[Note: This post was written while I was a practicing attorney running a diverse solo law practice, and it is one of a small number of “legacy posts” that I have retained on the site. When published, this was one of my most popular posts. Since April 2015, I have been working as an executive coach and writer, and I am not currently available for legal engagements.]

I spoke with a restaurant owner in my hometown of Stamford, Connecticut in the days before the hurricane and asked him what where his plans for the coming storm. His answer: “Pray that it misses me, because I will lose thousands of dollars of frozen food.” He didn’t even begin to mention the potential loss of revenue if his doors were shuttered for a week or more, either unable to imagine it or unwilling to foresee the risk.

Unfortunately, all too often business continuity planning – preparing to keep a business operating and mitigate losses during a hurricane or other disaster – is seen (if considered at all) simply as an expense rather than an opportunity. If you own a business, here are some thoughts about how to ramp up your business continuity efforts.

1. Evaluate the Risks. The first question is always what risks are greatest to your individual industry and business. In the restaurant example, maintaining current inventory and access to alternate suppliers (if a main supplier is unavailable) are two major and obvious factors, but there is much more to consider. Let’s start with the workforce. How will the restaurant’s manager communicate with employees in the case of a disaster or other emergency? Have any been cross-trained in the event that staff is limited and has there been a dry run of the management pyramid as the staff fulfills their new roles? How will mundane tasks be met, such as washing dishes and taking out the trash? Is alternate staff available? Then there’s technology. How much of the business relies on technology and what will happen if the power fails? Have you secured an alternate means of processing credit cards, for example, or planned a manual backup? There’s also the site to consider. If the site of the restaurant becomes unavailable or suffers a security risk for any reason, does the business need to close or can meals be delivered to customers in another manner (e.g., takeout)? What other risks may face your business?

2. Invest in a Backup Power Source. While we can all debate whether major storms and other disasters are becoming more common, after Hurricane Irene, Hurricane Sandy and other worldwide events, it is clear that businesses need access to power when the lights go out. Decide how much backup power generation is sufficient in different scenarios that could face your business and investigate how you can secure access to the resources needed to run it, such as natural gas or gasoline. If you cannot afford a generator, can you share one with another local business? If you choose to go that route, make sure to sign a contract outlining the rights and responsibilities of each business, including how much power the generator owner and second business can pull at any given time and how this will be monitored.

3. Review Insurance. Does the business have sufficient insurance in the specific areas that cause risk? Flood insurance is a prime example. If your business could experience flooding and is not insured against that risk, it is time to review and update your policy.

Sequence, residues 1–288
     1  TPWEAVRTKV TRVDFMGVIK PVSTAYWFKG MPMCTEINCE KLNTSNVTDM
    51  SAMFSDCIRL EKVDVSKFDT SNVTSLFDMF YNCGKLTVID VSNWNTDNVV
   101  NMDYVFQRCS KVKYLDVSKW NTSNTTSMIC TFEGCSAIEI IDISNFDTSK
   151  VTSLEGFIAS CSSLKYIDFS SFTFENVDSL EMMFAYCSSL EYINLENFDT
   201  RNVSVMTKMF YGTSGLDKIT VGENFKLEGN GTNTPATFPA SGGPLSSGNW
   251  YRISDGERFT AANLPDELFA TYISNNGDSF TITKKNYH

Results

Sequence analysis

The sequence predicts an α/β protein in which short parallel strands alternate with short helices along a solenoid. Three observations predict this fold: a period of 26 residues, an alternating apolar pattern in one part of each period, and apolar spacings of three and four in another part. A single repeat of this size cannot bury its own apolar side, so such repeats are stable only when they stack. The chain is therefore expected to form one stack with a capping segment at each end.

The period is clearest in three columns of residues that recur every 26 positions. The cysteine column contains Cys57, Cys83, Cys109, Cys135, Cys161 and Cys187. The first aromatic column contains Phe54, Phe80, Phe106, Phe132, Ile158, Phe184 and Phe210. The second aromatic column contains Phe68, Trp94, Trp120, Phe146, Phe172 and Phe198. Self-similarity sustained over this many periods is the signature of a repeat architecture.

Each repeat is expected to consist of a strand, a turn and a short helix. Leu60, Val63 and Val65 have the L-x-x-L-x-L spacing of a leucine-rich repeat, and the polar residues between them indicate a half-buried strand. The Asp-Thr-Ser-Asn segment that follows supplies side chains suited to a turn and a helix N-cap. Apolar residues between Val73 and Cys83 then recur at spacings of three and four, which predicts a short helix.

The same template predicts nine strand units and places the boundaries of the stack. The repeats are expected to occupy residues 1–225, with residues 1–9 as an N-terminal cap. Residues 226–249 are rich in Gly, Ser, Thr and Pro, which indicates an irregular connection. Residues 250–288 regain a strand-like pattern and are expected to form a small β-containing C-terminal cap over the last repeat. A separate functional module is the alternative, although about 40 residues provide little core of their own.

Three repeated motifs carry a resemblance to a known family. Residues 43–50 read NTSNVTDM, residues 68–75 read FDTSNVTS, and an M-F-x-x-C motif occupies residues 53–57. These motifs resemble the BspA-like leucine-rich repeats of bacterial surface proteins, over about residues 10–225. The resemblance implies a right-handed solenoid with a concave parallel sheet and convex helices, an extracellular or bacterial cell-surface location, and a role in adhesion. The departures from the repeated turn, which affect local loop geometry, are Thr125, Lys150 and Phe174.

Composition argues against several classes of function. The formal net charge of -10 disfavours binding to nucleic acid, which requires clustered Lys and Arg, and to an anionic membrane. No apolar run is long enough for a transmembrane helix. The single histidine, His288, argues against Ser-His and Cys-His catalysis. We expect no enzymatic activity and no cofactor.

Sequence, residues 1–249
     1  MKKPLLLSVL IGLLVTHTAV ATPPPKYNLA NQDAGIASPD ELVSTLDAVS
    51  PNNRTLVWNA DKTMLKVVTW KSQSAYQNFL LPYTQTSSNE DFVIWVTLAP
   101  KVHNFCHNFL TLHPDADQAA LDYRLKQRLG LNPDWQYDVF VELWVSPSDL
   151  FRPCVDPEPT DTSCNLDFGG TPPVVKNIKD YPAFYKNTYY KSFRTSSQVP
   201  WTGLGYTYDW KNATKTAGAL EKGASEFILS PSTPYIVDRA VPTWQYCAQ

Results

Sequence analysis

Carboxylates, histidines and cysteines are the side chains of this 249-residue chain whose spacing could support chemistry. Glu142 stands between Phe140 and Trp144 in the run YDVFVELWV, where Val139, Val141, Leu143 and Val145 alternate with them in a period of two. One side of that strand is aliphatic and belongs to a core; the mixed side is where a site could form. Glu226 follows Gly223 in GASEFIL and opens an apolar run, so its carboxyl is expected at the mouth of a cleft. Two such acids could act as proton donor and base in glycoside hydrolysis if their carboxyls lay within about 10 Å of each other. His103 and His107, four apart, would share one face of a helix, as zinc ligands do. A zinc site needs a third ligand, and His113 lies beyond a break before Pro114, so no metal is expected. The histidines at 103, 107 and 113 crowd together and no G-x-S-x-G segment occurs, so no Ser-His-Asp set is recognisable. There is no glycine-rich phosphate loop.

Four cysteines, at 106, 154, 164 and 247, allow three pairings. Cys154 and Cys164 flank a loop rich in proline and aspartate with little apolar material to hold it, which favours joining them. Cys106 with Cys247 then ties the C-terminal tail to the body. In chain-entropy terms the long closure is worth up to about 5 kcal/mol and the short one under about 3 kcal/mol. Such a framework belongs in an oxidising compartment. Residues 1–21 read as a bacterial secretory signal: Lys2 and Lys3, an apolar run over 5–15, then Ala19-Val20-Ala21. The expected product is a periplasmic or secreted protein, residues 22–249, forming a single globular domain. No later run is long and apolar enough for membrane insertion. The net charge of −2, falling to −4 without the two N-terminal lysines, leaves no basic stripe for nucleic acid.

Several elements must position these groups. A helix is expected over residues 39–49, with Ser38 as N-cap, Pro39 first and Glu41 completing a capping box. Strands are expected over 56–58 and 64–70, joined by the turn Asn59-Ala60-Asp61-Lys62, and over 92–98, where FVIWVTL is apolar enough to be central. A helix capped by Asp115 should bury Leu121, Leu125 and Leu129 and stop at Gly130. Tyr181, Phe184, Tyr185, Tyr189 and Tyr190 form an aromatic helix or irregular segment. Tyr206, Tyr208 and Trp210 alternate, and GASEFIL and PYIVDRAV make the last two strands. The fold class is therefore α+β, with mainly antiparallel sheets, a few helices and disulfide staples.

4. Review Contracts. If your business contracts require delivery of goods or services at a specific date and time, include “force majeure” clauses in your form contract and any other significant agreements. These clauses vary in their language, depending on the subject matter of the contract, but generally state that if a force outside of your control (i.e., a “higher force” or “force majeure”) causes a delay in or impossibility of performance, you are excused from the contract for the duration of the event.

5. Plan How to Communicate with Employees. Mentioned in the risk-analysis above, businesses need a tested means of communicating with employees in the event of a disaster. Which employees have access to landlines, cell phones and email, and does everyone use them on a regular basis? Is there a backup emergency phone number for each individual? Who maintains the employee list, and what is the plan if that person is incapacitated? Can you outsource this function and does it make sense to do so?

6. Have Built-In Redundancy. If you are reliant on data, plan to backup that data and your central server as needed. Keep copies of important records offsite or online. If you are heavily reliant on other service providers to run your business, such as an Internet provider, find out if their own backup plans are sufficient to allow customers to continue to do business with you if the service provider’s systems fail.

7. Test. A business continuity plan has little value on paper. Make sure it actually works. Have Plans A, B and C in place about how your business can be run, and test each one quarterly or annually.

8. Disseminate. Similarly, a plan has no value if the key players do not know about it. Make sure your significant employees are clued into the business continuity plan, know their roles and can implement it if needed.

None of the information posted on this site constitutes legal advice or forms an attorney-client relationship. This is a public forum. Please do not post confidential or fact-specific information regarding your legal questions on this site.